Challenges / SIAM SDM'11 Contest: Prediction of Biological Properties of Molecules from Chemical Structure

Status Closed
Type Scientific
Start 2010-11-16 19:00:00 CET
End 2011-01-24 23:00:00 CET
Prize 1,000$

Registration is required.


Dear Contestants,

The SIAM SDM'11 Contest: Prediction of Biological Properties of Molecules from Chemical Structure has come to an end. Out of 246 registered teams 114 submitted solutions. The compiled list of final results is shown in the last column on the Leaderboard. The winner of this challenge and a recipient of $1000 award is Ed Ramsden (EdR) - our sincere congratulations! His model predicted the Final Test set with Balanced Youden Index = 0.6890. The top three teams are:

  1. Ed Ramsden (EdR): Balanced Youden Index = 0.6890, Sensitivity = 0.7333, Specificity = 0.6890
  2. Yuchun Tang (piaopiao): Balanced Youden Index = 0.6889, Sensitivity = 0.6889, Specificity = 0.7195
  3. Frank Lemke (pat): Balanced Youden Index = 0.6768, Sensitivity = 0.7111, Specificity = 0.6768
Several contestants tied at positions 4 through 9 with Balanced Youden Index = 0.6667. Most of the submitted models performed better than the Baseline method (a simple 1-nearest neighbor classifier).

The authors of top winning solutions will be contacted via e-mail regarding their participation in the SIAM SDM'11 workshop specifically dedicated to this Challenge. SIAM conferences are well known for their high prestige and the indicated contestants are strongly encouraged to present their work. Everyone interested is encouraged to register for the SIAM SDM'11 conference to attend our workshop on April 30, 2011.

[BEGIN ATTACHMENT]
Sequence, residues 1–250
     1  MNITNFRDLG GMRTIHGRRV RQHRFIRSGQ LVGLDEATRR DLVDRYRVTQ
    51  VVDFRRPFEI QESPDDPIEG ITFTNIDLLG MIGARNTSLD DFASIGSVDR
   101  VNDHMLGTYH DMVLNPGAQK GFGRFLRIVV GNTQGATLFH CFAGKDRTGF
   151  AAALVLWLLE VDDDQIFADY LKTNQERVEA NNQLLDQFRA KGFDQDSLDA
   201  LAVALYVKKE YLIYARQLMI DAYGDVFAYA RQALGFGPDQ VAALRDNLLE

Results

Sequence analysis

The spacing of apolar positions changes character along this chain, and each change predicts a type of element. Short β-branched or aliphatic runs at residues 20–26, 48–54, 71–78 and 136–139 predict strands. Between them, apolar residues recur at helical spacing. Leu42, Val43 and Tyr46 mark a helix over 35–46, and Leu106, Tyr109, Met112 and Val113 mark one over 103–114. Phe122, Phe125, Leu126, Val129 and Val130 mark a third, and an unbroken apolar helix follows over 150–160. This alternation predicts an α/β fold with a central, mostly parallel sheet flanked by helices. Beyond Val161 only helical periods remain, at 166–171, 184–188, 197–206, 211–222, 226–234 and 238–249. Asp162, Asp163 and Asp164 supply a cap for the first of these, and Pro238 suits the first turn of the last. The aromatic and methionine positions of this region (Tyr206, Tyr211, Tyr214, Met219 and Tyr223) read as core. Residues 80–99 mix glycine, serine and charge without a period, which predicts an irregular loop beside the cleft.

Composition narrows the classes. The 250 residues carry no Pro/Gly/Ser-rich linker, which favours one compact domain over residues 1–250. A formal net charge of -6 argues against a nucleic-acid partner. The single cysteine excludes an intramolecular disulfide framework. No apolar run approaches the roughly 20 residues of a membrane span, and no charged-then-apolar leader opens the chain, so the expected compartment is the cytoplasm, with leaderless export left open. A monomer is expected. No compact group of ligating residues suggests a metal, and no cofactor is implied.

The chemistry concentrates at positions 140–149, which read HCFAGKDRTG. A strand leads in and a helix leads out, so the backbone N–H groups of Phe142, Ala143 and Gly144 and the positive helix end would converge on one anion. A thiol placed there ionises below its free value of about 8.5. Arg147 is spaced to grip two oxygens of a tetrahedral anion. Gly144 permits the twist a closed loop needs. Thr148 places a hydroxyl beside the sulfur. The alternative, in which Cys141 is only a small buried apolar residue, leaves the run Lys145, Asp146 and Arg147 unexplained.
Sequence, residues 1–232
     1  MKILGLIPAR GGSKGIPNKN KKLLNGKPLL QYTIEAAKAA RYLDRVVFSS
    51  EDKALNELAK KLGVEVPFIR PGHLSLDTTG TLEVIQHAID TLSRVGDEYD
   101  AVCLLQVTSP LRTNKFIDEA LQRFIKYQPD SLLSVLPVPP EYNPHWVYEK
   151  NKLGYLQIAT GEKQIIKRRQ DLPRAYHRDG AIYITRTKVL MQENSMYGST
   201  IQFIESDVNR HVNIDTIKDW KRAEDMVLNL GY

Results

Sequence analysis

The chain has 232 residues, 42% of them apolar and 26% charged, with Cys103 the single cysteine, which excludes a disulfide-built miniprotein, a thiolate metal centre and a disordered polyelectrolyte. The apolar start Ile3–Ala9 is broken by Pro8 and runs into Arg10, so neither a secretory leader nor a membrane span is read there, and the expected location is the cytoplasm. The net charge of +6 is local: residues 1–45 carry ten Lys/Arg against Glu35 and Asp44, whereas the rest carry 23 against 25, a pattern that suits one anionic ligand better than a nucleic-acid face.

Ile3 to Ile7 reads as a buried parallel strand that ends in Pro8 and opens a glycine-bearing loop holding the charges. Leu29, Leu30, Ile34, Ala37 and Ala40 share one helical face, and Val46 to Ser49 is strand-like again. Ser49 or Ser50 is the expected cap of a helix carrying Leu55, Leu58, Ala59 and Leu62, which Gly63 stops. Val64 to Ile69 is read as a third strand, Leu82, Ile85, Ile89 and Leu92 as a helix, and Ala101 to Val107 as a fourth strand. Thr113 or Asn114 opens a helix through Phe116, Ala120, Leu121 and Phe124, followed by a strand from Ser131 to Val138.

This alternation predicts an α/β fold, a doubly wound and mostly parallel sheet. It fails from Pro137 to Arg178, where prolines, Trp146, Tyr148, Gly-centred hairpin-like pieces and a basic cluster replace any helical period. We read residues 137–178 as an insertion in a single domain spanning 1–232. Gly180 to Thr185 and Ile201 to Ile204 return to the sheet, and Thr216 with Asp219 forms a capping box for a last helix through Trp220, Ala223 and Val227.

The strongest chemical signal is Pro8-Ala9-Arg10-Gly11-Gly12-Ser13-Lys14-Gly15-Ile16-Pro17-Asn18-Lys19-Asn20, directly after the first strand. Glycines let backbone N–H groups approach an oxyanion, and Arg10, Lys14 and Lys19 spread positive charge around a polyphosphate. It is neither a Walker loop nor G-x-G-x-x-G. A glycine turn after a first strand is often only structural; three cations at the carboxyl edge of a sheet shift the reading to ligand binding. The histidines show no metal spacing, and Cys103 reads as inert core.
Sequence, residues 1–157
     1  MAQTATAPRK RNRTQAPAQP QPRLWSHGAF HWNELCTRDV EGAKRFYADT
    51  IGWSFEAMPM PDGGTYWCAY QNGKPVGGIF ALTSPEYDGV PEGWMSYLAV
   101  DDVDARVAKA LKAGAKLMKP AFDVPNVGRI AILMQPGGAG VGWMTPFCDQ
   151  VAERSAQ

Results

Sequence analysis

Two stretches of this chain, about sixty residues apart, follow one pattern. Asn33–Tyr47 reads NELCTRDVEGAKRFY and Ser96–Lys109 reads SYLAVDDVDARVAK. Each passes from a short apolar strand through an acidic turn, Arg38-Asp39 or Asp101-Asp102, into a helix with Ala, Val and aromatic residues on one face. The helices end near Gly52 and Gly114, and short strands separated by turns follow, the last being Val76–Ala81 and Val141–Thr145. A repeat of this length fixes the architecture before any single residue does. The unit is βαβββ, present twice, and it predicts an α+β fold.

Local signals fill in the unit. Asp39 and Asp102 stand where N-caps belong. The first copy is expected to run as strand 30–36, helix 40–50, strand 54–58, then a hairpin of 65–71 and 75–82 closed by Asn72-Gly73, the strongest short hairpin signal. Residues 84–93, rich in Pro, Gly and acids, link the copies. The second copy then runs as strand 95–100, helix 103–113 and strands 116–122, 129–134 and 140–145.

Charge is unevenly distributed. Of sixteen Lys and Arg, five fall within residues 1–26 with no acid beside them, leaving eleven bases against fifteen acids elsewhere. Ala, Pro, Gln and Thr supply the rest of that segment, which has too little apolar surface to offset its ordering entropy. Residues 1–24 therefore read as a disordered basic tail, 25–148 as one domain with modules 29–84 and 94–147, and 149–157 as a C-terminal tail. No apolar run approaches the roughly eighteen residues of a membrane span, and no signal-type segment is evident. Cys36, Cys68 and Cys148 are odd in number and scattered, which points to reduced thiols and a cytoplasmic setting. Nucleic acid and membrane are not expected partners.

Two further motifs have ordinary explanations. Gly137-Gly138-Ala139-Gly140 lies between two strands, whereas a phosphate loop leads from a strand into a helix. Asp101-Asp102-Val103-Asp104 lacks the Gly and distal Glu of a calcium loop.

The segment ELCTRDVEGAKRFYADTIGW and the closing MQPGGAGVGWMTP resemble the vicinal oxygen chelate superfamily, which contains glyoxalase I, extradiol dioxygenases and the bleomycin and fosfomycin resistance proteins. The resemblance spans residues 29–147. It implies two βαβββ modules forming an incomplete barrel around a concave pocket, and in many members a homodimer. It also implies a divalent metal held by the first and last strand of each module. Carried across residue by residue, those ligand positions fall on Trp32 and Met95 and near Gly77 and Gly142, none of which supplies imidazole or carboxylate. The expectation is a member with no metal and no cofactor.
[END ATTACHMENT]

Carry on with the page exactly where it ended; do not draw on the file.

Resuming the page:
We may now reveal that the studied problem was to classify chemical molecules into substrates (label "S") and non-substrates (label "N") of the CYP 2C19 isoform of the cytochrome P450 enzyme in human. Predicting whether or not a particular chemical will be metabolized by 2C19, as well as other major isoforms of CYP P450, is of primary importance to the pharmaceutical industry. The top results of this challenge match the noise level in the experimental data estimated at about 30%. Hence, some Preliminary Test statistics submitted during Phase I before January 10, 2011, that vastly exceeded 0.7 probably indicated overtrained models, finely tuned to this specific test set.

Congratulations to all for taking on this seemingly simple, but truly tough challenge! We would like to acknowledge Simulations Plus for providing sponsorship, TunedIT for excellent organizational and technical support, and the Society for Industrial and Applied Mathematics for providing workshop venue. Thank you all for participating,

Robert Frączkiewicz, Robert D. Clark, Jinhua Zhang, Marcin Wojnarski, and Joanna Świetlicka
The Organizers

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